A person’s trauma, whether it be a physical, emotional or spiritual is often the defining aspect of their life. You have probably come to this site because you or a loved one has suffered some trauma and you are seeking help. If so, you have come to the right place. My approach to helping is by being a Disability Life Coach.
A Disability Life Coach is a critical partner assisting an individual to face and move beyond life’s challenges. Anyone who has experienced a trauma, who collaborates with the right Disability Life Coach, can virtually count on reaching their potential.
An authentic Disability Life Coach has not only survived their own personal trauma, but they have thrived in spite of their challenges. In other words, the coach has walked the walk. With that genuine experience, there is no doubt that your coach understands difficulty and knows what it takes to overcome obstacles.
Fixing what is broken, when something is causing pain.
The first thing to do is to identify what is wrong. The client has suffered a trauma: physical, emotional, relationship or work challenge i.e; divorce, death, loss of job or demotion
Why I can help fix your problem with you!
As a survivor myself, I know from where I speak. I use Moving on Disability Life Coaching. Out of my own experiences as a brain injury survivor, I present a step-by-step methodical guide on how to help victims of catastrophe.
What’s your benefit?
You will learn to adopt four necessary mindsets; They are:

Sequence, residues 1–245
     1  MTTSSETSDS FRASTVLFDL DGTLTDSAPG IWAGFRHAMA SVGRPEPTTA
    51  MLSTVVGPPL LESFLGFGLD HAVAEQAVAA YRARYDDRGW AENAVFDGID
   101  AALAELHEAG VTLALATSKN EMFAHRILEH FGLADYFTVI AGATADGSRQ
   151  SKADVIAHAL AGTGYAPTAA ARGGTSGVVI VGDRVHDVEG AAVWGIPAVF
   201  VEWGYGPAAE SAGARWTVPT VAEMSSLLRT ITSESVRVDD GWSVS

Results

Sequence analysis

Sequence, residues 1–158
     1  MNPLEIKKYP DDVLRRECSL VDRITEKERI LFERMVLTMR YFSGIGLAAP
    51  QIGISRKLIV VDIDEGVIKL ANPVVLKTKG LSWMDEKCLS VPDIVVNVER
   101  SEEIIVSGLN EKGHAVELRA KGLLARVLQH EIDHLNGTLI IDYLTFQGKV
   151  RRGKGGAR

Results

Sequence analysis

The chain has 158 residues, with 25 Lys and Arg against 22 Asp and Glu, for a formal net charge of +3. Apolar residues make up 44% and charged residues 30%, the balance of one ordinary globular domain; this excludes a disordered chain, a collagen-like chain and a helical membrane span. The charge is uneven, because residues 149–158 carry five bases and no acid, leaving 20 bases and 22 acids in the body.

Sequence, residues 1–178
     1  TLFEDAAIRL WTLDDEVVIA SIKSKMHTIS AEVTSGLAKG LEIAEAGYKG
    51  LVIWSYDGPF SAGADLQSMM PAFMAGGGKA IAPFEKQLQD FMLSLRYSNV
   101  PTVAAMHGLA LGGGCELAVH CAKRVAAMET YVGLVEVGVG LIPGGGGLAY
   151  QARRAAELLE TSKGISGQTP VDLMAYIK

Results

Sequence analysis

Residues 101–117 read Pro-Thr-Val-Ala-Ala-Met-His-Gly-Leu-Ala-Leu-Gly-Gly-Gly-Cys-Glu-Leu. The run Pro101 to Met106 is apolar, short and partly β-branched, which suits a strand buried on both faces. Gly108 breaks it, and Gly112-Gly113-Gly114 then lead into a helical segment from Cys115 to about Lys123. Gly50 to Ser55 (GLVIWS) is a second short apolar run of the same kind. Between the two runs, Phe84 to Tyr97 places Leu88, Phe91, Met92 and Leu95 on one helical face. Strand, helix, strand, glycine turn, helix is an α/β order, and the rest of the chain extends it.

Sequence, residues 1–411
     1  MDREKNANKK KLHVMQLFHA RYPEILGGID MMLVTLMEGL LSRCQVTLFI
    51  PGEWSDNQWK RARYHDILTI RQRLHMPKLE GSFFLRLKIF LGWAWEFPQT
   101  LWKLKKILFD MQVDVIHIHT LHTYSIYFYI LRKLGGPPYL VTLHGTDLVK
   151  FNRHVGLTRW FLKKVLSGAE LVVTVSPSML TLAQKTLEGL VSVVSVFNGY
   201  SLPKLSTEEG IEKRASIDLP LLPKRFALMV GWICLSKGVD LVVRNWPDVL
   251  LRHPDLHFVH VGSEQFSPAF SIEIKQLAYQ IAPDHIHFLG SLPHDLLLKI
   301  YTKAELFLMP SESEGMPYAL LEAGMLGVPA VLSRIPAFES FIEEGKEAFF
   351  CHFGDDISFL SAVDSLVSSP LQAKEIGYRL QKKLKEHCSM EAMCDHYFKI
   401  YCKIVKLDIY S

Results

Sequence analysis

- To make changes, I must have goals. Those goals must be realistic and attainable!
- To make genuine changes takes sustained effort. It takes determination, effort and hard work to modify my behavior.
- I must have an ultimate goal, dream or wish. I need to recognize my difficulties as they are now. I must understand that there will not be a “quick-fix” for long-standing problems.
- I need to be committed to making the gradual changes that will lead me toward my goals.
Your attitude toward life will change:
Recovery does not mean that you wake up one day and you’re fine. It does not mean your memory suddenly becomes intact. It does not mean that you don’t get confused, and it certainly does not mean that you regain the life you had prior to your trauma.
Recovery to persons who have survived a trauma, is making progress. Making progress is accepting your deficits, learning success strategies to help you with those deficits and learning to love and value yourself.
Four A’s of Recovery